UPDATE: Thanks for all the questions. I have to hop off for a bit but will pop in to answer any left over questions as much as I can. Feel free to continue to post and I will do my best to get to them. Again, thank you so much! ...

I’m Tony Menendez, a CPA and a corporate whistleblower. A decade ago, I was Halliburton’s Director of Technical Accounting and I witnessed some highly questionable accounting and auditing practices at Halliburton. After being told to “save it for the subpoena,” I blew the whistle. Although, Halliburton’s retaliation was swift, my journey through the legal process and the fight for my rights was not. I trusted the system and paid the price. After four years and losing at every stage in the legal process, I ran out of attorneys. With nothing left to lose, I spent several years representing myself. Now, nine years after blowing the whistle, I have prevailed and it appears that I am in the final throes of my battle with Halliburton. (Joe Ahmad, my attorney, is accompanying me.)

Ask me anything and while there certainly is no one-size-fits-all "right answers," I will do my best to provide answers based on my experience.

I am Jesse Eisinger, a senior reporter at ProPublica. I recently wrote a story about Tony. You can read his full tale here. I will be on hand to answer anything about the story.

PROOF: Tweet and announcement.

Comments: 1333 • Responses: 25  • Date:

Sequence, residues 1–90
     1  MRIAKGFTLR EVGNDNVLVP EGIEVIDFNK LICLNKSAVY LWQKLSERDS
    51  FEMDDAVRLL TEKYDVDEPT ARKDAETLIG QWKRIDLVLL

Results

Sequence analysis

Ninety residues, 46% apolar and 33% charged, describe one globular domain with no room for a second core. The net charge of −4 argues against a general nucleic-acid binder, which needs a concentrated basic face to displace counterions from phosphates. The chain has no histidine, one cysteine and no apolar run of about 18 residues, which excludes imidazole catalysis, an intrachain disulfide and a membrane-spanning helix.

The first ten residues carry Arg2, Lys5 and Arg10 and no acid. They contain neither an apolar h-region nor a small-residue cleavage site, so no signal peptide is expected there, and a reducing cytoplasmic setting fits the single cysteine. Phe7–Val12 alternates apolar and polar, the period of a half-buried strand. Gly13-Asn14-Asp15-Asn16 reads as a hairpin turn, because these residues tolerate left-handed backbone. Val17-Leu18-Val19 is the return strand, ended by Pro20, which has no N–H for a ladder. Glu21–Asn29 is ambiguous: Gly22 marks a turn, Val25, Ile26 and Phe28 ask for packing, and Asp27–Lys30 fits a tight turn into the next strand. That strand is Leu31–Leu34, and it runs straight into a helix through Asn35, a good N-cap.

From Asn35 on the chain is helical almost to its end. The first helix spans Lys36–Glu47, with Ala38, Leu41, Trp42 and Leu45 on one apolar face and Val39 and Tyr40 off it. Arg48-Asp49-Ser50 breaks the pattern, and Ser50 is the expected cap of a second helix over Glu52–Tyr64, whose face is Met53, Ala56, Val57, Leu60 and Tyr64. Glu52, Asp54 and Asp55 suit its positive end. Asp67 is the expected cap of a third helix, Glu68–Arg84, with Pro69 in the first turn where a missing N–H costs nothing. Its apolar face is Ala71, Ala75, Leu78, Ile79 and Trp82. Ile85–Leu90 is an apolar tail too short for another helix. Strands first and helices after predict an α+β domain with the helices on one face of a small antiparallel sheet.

equilshift1453 karma

From your perspective, how do you think we can improve the whistleblowing experience?

I think you and people like you are truly patriotic, and we should do everything we can to encourage more of what you did. Any ideas on how to do that?

AnthonyJMenendez1799 karma

Thank you for the kind words. Unfortunately, it is almost impossible for a whistleblower to prevail. There needs to be more protections and there simply needs to be a more balanced playing field. It shouldn't take 9 years and hundreds of thousands to even have a remote chance of prevailing.

THSCJRollins690 karma

Do you think the SEC leaked your name to someone at Halliburton?

AnthonyJMenendez703 karma

I hope not but I don't know for sure.

PresNixon627 karma

I heard a coworker/friend renamed you "Slugger" on their phone so that when you called, caller-ID didn't show it was you. Which I think is pretty cool and clever so they could talk to you without catching flack.

Do you still talk to that person?

AnthonyJMenendez728 karma

I do keep in touch with James Paquette. He is one of the best people I have ever met and I am very lucky to call him my friend.

Aximill531 karma

Did Halliburton have a whistle blower policy prior to this incident? If so, was it violated? Do most companies have such a policy?

AnthonyJMenendez917 karma

Yes indeed Halliburton had a whistleblower policy as required under Sarbanes-Oxley ... it was required to be confidential and Halliburton's policy promised confidentiality while at the same time discouraging anonymous complaints on the basis that if you didn't provide your identity they may not be able to properly investigate your concern. This was absolutely central to my case and I relied on this policy but was Halliburton blatantly ignored its own policy and betrayed my trust.